This report discusses the Battle of Monte Cassino and the pros and cons of the Allied Forces' actions during World War II. A historic shrine was completely destroyed by the events of the Allied forces during the Battle of Monte Cassino in the Italian campaign of 1943-1944. The battle was one of the major turning points against Adolf Hitler and should therefore be completely justified. Capturing Rome was as critical to the efforts of the Allied Forces as was the D-Day invasion because Italy represented the southern gateway to Berlin. Once engaged, Monte Cassino…… [Read More]

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World War Two Weaponry Like

Words: 364 Length: 1 Pages Document Type: Essay Paper #: 61733332



Much of the credit for the successful defense of Britain was the result of the invention of round-based radar that enabled British Fighter Command to alert their interceptors of the approach of Nazi warplanes during the crucial Battle of Britain in

1940 (Bishop & McNab, 2007). By the end of the war, American fighters were equipped with the first air-to-ground missiles. Of course, of all the many inventions and developments in weaponry during the war, the most devastating and revolutionary was the atomic bomb developed by the U.S. that finally ended the war in the Pacific almost a year after victory in Europe (Ambrose, 2001).

References

Ambrose, S. (2001). The Good Fight: How World War II Was Won. New York: Simon & Schuster.

Bishop, C., McNab, C. (2007). Campaigns of World War II Day By Day. London, UK:

Amber Books.

Commager, H., Miller, D. (2002). The Story of World War II: Revised, Expanded & Updated from the Original Text by Henry Steele Commager. New York: Bantam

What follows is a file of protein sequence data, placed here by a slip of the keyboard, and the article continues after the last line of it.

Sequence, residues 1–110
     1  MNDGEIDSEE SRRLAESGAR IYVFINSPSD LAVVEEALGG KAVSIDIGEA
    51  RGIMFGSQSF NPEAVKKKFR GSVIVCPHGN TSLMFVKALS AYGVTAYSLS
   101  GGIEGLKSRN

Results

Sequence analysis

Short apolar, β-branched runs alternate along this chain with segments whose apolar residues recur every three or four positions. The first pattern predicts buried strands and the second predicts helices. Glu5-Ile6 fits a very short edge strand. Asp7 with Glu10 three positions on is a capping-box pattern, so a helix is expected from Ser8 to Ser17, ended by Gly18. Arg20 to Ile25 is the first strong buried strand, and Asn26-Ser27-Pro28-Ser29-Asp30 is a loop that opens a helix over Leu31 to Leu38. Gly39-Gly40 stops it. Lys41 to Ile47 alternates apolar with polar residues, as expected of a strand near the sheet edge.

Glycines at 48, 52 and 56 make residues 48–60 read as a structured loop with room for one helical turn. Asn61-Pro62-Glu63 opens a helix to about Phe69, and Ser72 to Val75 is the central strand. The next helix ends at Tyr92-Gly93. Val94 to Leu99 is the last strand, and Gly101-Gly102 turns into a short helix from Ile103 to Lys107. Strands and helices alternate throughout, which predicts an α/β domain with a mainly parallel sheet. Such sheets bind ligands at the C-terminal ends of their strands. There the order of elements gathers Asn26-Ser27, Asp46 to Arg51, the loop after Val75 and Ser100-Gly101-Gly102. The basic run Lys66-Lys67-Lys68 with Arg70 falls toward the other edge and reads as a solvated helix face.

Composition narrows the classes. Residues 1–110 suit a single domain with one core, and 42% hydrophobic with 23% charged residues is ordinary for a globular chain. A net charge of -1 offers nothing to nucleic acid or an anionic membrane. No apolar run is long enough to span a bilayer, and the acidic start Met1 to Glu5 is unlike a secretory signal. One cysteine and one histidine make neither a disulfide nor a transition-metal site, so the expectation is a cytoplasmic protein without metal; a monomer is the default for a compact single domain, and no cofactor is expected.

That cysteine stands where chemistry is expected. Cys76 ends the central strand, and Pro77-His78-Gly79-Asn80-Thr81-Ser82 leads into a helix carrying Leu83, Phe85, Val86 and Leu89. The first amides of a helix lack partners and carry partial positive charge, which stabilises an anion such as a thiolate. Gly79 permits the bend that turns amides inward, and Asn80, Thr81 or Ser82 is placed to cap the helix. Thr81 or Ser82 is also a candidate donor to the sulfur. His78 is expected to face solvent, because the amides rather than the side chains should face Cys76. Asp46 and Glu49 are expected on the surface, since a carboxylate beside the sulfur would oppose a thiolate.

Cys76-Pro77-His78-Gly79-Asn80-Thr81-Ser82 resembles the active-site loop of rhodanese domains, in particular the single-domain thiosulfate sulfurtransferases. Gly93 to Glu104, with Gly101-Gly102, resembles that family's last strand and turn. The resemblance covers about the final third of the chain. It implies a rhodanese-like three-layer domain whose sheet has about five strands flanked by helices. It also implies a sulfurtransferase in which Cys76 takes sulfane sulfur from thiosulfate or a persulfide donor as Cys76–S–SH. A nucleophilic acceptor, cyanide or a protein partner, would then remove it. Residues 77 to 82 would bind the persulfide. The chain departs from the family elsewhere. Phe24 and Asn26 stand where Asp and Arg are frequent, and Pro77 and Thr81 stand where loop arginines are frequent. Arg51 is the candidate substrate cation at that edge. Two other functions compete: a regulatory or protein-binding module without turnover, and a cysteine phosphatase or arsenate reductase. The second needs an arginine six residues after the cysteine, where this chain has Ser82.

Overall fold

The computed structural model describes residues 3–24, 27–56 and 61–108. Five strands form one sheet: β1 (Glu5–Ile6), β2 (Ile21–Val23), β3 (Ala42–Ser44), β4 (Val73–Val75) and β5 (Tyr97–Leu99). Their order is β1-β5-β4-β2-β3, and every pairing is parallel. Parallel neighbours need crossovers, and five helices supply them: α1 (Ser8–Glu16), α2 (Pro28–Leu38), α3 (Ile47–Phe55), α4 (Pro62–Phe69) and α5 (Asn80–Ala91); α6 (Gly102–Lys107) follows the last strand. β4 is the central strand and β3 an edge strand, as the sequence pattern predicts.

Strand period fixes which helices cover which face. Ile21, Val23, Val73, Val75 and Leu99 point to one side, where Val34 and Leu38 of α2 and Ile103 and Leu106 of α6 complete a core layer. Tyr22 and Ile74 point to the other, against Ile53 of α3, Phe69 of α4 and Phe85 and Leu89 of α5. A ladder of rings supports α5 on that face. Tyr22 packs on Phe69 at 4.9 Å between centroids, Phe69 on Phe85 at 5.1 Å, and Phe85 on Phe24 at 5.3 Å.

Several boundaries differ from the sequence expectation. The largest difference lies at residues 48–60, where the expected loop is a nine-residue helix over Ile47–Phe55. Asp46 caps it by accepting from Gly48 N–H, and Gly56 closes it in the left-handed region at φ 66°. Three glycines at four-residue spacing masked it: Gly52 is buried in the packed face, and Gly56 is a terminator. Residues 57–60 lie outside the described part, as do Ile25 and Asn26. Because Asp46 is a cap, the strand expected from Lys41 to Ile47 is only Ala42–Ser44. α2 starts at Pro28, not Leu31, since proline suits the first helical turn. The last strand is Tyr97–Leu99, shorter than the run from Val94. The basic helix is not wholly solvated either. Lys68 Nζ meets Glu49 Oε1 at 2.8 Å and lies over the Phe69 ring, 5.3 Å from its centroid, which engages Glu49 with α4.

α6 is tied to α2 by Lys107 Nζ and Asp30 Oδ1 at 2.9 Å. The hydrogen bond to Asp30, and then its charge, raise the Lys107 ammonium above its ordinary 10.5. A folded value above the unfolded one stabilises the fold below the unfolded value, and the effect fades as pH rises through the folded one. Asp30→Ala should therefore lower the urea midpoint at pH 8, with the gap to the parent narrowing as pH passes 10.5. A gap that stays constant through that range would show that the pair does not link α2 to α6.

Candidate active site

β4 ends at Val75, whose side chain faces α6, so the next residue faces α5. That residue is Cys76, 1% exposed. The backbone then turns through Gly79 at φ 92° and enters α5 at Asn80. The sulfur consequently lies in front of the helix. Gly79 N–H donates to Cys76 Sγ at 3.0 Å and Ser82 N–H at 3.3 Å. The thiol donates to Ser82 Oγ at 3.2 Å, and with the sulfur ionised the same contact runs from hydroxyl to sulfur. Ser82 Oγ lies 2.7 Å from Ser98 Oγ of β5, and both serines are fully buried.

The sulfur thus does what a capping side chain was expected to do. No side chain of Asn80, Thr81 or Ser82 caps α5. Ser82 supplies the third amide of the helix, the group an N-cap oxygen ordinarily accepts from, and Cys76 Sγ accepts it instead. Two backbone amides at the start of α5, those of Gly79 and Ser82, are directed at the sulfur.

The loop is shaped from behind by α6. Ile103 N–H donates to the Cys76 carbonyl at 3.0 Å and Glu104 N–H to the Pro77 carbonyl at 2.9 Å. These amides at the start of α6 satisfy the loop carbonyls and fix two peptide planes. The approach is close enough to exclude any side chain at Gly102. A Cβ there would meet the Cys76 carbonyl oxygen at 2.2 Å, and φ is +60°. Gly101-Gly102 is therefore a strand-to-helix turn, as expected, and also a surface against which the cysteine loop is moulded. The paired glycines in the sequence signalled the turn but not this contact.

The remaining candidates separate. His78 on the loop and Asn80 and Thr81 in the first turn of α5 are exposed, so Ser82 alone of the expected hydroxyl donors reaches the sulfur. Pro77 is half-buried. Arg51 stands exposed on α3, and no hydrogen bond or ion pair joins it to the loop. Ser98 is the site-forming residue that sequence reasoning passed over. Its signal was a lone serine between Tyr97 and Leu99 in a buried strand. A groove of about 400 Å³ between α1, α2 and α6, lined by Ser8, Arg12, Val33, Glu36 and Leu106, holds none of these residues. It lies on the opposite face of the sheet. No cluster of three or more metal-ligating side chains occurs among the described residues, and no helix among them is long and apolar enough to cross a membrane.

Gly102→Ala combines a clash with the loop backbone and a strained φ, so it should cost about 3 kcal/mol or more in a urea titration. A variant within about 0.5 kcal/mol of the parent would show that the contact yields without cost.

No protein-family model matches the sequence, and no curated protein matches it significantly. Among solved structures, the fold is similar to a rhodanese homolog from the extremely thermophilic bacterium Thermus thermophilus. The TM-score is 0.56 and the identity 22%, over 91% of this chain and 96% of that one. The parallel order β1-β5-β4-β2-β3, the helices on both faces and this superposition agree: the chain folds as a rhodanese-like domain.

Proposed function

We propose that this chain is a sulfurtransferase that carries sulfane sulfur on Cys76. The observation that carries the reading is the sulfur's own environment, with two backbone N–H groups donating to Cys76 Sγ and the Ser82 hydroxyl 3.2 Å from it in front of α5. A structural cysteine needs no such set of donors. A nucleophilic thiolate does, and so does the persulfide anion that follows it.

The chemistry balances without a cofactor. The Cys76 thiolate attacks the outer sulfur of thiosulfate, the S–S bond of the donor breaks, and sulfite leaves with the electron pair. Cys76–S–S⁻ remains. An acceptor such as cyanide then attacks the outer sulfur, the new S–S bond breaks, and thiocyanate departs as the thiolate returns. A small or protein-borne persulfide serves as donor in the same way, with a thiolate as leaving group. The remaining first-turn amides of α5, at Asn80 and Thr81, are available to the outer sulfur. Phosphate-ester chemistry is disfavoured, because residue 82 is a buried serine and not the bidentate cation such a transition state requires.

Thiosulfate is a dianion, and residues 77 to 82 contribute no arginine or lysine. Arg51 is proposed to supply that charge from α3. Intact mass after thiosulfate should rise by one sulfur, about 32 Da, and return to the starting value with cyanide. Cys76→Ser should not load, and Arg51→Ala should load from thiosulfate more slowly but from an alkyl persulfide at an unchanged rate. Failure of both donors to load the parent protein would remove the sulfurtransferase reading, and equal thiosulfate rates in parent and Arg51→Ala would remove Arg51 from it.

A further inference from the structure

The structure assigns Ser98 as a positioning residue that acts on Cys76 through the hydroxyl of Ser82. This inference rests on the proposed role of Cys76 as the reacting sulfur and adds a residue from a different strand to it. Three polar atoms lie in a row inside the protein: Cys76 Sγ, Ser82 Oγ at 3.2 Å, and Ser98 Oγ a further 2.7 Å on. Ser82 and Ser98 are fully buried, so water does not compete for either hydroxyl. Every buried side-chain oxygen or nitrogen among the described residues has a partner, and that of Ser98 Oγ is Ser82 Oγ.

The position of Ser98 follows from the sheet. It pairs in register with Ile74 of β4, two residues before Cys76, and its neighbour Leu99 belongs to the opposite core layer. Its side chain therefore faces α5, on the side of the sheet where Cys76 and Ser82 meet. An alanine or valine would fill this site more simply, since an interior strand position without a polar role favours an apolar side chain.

Books.

Ray, J.…… [Read More]

Sources:
Ambrose, S. (2001). The Good Fight: How World War II Was Won. New York: Simon & Schuster.

Bishop, C., McNab, C. (2007). Campaigns of World War II Day By Day. London, UK:
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WWII Without a Doubt the Expansionist Policies

Words: 399 Length: 1 Pages Document Type: Essay Paper #: 96793550

WWII

Without a doubt, the expansionist policies of Germany, Italy and Japan and a direct attack by Japan on Pearl Harbor necessitated the need for America to enter World War II. However, the real question is not whether America should have entered World War II, but could it have prevented it from happening. As the world's new super power following World War I, America should have done more to restore stability to Western Europe, particularly Germany, a country saddled with huge reparation payments. And, the United States could have taken a more active role in the League of Nations to discourage aggression. Instead, America enjoyed the spoils of World War I and became isolationist in response to the Great Depression. Economic and political instability caused by World War I led the rise of fascism. The Nazi goals of reversing the Versailles Treaty and the establishment of a German Empire by means of war and conquest had to be stopped.

On the home front, Franklin D. Roosevelt conveyed the message that the efforts of civilians to support the war through personal sacrifice was as critical to winning the war as the efforts of the soldiers themselves, and that the civilian…… [Read More]

Works Cited:
'World War II." Wikipedia. Available: http://en.wikipedia.org/wiki/World_War_II#Home_front (Accessed 3 May 2005).

"World War II.," Available: http://web.uccs.edu/history/student%20presentations/heidi/world_war_two.htm (Accessed 3 May 2005).
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WWII to the 60s the

Words: 1427 Length: 4 Pages Document Type: Essay Paper #: 99114644